In order to board a flight to the United States, every Legal Permanent Resident (LPR) of the United States must present evidence that qualifies under that status. This evidence can be a valid Green Card, a properly stamped immigrant visa, or other documentation from the Department of Homeland Security (DHS).
If your Green Card has expired, has been lost or stolen, or you have no way to prove your current LPR status, you may request a valid Travel Document or Boarding Foil for an entry into the United States within 30 days of issue, through the form I-131A before the consulate. Because this process can be complex, you should consider consulting a lawyer. We will not be able to provide you with legal advice.
If you plan to apply for a Travel Document you must gather the following documents:
- Form I-131A, complete and signed Travel Document Application. Please, click on the link, print it and answer ALL the questions.
- Fee payment (must bring evidence of payment, in the form of receipt sent by email or confirmation page).
- Passport with a minimum validity of six months.
- A color photo, size 2 “x2”, white background.
- Police report documenting when the “Green Card” was stolen (if applicable).
- Evidence of Permanent Legal Residency (for example: passport copies with entry stamps or exit stamps from the United States, DHS approval forms, original or copy of your “Green Card”, etc.).
- Original air ticket (boarding pass) of your last departure from the United States.
When you have ALL the documents mentioned above, please send us an email to email@example.com to schedule your appointment.
You do not qualify for a Travel Document:
- If you have stayed outside of the United States for 1 year or more.
- If you are no longer a Legal Permanent Resident, or if the applicant wishing to return to the United States cannot provide convincing evidence of ties abroad, you can apply for an immigrant visa under the same terms you originally immigrated to, if that is still possible.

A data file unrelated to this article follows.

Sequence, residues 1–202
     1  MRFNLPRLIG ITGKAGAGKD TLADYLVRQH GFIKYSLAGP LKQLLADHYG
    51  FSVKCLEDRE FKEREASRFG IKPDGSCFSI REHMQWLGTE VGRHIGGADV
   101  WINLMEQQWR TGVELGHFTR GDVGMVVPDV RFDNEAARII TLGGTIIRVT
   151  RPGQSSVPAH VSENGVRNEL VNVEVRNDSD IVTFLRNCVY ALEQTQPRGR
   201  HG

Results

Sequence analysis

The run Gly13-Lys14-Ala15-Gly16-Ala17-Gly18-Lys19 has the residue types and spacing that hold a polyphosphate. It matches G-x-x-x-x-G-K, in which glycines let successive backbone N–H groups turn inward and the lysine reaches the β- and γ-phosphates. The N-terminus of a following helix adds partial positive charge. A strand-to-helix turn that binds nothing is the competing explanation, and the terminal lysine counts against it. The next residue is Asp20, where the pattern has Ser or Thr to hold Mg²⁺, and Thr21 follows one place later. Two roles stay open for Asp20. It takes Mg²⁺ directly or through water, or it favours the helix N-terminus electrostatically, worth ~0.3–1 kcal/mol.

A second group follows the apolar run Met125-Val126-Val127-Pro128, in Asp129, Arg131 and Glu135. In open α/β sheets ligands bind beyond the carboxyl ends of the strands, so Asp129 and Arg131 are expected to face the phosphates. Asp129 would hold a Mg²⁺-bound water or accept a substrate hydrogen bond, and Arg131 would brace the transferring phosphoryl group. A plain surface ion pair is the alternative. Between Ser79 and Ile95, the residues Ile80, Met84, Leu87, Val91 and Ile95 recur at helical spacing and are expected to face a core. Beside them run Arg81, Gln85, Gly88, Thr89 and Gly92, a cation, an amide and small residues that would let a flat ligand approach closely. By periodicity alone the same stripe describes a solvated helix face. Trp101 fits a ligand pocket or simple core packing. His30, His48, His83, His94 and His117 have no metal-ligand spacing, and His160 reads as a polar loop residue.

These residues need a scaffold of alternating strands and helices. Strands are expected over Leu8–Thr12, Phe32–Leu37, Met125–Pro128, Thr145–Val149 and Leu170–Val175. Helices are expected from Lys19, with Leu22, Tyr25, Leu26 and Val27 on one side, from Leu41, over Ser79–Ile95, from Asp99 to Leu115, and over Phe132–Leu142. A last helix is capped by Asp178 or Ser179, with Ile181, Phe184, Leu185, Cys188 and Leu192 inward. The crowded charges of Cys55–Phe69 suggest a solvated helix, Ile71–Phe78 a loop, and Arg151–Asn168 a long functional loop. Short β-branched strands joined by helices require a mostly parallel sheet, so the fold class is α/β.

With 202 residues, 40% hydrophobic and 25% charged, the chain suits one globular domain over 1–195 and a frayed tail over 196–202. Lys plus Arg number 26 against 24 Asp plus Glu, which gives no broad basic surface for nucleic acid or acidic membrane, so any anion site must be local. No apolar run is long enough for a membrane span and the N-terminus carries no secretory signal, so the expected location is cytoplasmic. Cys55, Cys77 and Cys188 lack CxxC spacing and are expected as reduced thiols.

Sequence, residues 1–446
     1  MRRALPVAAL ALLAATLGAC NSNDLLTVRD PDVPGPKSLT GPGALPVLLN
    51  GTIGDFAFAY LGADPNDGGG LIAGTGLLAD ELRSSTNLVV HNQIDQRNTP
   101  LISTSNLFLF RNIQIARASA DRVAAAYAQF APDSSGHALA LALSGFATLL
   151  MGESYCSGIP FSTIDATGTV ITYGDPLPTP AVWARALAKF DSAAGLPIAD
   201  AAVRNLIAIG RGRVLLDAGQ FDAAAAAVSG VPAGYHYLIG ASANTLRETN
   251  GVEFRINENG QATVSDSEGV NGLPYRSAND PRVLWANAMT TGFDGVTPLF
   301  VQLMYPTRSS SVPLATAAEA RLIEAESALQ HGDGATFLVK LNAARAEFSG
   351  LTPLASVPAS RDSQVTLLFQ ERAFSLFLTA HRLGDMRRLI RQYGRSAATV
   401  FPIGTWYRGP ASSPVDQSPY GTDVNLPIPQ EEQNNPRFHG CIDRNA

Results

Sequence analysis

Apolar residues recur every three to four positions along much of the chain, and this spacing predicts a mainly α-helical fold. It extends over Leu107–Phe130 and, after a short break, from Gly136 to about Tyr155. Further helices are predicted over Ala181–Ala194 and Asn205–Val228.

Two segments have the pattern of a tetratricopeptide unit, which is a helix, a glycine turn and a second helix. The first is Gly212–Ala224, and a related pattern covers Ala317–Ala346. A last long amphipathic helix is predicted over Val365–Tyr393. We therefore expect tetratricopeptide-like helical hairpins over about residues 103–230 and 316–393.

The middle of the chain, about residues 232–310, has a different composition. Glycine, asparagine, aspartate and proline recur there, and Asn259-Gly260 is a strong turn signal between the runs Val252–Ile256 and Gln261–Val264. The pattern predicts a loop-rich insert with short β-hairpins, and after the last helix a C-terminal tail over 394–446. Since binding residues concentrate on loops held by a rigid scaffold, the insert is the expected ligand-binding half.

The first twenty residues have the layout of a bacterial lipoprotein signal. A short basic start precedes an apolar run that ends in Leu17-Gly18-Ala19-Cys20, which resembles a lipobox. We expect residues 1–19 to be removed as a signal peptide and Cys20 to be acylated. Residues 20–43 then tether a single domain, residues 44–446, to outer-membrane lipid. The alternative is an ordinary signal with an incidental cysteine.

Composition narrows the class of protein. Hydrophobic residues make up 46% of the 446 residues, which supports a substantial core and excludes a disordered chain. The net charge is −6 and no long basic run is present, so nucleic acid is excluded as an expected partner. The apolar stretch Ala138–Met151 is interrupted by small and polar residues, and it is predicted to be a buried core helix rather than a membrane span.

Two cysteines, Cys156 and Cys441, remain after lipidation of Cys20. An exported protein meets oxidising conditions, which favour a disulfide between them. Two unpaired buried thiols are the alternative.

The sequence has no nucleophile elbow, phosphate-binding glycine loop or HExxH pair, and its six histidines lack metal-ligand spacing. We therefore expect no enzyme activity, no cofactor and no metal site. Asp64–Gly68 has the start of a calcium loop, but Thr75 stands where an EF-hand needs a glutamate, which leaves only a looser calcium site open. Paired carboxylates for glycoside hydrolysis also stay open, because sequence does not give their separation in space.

A Travel Document is not necessary in the following cases:
- A resident with conditional status in possession of his I-551 card (valid for 2 years), who has been outside the United States for less than one year, and has a receipt issued by DHS dated within the last six months, indicating that he has applied to the removal of the conditions of his status (Form I-751, Petition to remove Conditions on Residence).
- A legal resident employee of the United States Government, civil or military, who is outside the United States with official orders, can present his/her residence (I-551) valid or expired even though he/she is outside of the United States for one year or more. Additionally, the spouse or resident child of that employee who lives abroad under orders, and accompanies or follows him/her, may return with an expired I-551 if he/she enters within four months of the employee’s return to the United States. The official orders must mention that the resident’s spouse or son/daughter is authorized to accompany the employee abroad for a specific period of time. It is important that you present the official government orders to the airline along with your I-551.
Note: Occasionally a transportation company will not accept the official orders to board the LPR and will request a boarding foil from the consular section.